A-1 Action Care Articles
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Our hope is that this section will contain some useful and helpful information for clients needing eldercare and their caregivers. Our goal is to update the blog fairly often with a special focus on topics which may assist in bridging the generational gaps. We look forward to your feedback and please contact us should you require any further information.
Many of us have physical limitations and simply accept them as part of our “new normal.” However, the truth is that all of us need regular exercise. Getting regular exercise should fit into our lifestyle – not everyone has the time or inclination to go to a gym. Our best course of action is to determine which exercises fit best with our physical capabilities – and stick with it! (Always remember to consult with your physician before starting an exercise program.)
There are some wonderful, simple ways you can incorporate exercise into your daily life. Perhaps you have noticed that the less you move around, the more sluggish you feel, and therefore you are motivated to bring some regular physical movements back into your life. If this is the case, why not try increasing your normal daily activities at a moderate rate. If you normally sit down and get up from a chair once an hour, try making it twice an hour for the first week, then make it four times an hour the second week, and so on. You will gradually begin to notice that your leg strength increases as well as your endurance.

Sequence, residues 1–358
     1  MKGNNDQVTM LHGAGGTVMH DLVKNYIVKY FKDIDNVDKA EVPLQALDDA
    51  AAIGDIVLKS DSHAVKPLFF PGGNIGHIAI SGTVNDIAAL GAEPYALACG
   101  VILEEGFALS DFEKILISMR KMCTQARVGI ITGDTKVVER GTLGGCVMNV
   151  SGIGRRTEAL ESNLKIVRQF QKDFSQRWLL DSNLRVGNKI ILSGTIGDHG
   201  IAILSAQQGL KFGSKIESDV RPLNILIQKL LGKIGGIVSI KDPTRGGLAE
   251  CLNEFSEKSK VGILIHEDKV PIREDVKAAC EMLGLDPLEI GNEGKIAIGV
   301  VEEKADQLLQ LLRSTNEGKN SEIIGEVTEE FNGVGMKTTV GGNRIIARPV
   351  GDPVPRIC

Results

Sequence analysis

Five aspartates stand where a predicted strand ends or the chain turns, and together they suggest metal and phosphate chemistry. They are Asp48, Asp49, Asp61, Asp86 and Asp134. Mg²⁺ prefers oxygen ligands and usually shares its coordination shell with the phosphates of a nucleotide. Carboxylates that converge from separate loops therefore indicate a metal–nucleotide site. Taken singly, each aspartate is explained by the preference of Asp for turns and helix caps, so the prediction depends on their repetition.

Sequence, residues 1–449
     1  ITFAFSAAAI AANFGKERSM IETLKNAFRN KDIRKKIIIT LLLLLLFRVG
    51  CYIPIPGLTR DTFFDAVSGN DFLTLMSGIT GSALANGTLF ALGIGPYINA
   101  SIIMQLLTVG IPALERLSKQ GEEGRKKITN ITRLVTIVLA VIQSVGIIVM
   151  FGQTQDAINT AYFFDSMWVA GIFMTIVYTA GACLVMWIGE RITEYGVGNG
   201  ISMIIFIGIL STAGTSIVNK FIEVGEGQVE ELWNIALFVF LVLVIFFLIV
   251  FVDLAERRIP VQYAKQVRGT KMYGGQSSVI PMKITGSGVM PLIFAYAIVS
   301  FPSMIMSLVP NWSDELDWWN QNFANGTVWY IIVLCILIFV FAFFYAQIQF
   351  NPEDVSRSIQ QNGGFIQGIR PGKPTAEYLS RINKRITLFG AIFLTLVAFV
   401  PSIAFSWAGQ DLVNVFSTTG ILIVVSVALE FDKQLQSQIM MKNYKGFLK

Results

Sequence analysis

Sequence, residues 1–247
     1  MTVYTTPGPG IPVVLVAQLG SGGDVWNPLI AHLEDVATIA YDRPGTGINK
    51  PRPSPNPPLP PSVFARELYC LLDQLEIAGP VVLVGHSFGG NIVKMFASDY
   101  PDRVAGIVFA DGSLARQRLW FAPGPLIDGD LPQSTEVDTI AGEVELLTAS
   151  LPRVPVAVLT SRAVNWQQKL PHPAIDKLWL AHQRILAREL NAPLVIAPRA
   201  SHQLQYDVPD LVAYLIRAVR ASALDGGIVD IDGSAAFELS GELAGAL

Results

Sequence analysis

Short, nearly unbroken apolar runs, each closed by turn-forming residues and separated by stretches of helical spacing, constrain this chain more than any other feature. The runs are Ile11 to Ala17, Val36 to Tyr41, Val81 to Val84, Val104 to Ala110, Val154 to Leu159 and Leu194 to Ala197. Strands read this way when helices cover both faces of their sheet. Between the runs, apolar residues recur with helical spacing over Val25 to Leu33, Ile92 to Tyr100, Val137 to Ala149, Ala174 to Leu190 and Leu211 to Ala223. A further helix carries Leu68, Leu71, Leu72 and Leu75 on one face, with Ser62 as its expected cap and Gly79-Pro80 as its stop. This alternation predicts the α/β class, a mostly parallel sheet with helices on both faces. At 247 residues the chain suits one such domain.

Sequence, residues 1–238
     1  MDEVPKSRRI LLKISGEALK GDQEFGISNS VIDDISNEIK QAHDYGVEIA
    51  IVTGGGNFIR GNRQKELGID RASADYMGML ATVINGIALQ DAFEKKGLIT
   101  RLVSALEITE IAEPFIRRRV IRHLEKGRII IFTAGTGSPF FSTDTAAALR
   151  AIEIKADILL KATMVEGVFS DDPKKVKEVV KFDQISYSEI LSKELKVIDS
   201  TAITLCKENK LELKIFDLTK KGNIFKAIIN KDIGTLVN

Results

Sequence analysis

A regular, brisk walking routine may be a good start. Walking is great exercise and even if the weather is inclement you can “house walk” to increase your strength. You should use this in conjunction with your sitting exercise. As before, the idea is to increase the amount of walking you do around the house. Always start off slow, using whatever device you need to steady yourself, and each week add a minute or two to your walking.
You might be unable to walk, but everyone may exercise to increase their strength and endurance. Consider trying the following: while sitting in a straight-backed chair, raise your right foot off the floor and move it in a rotational manner until you begin to feel the muscles on the top of your thigh or elsewhere tighten in your body. Lower your right foot and repeat the exercise with your left leg. While seated, keep your arms straight at the elbows; raise your arms straight over your head, then lower. Repeat as many times as you can without becoming too tired. If confined to bed, try arm and leg lift exercises.
The idea is to keep our bodies active and our muscles toned. As with any new or increased physical activity, if you get overly tired or something starts hurting and the pain does not immediately go away, stop for the day. If the pain persists, check with your physician.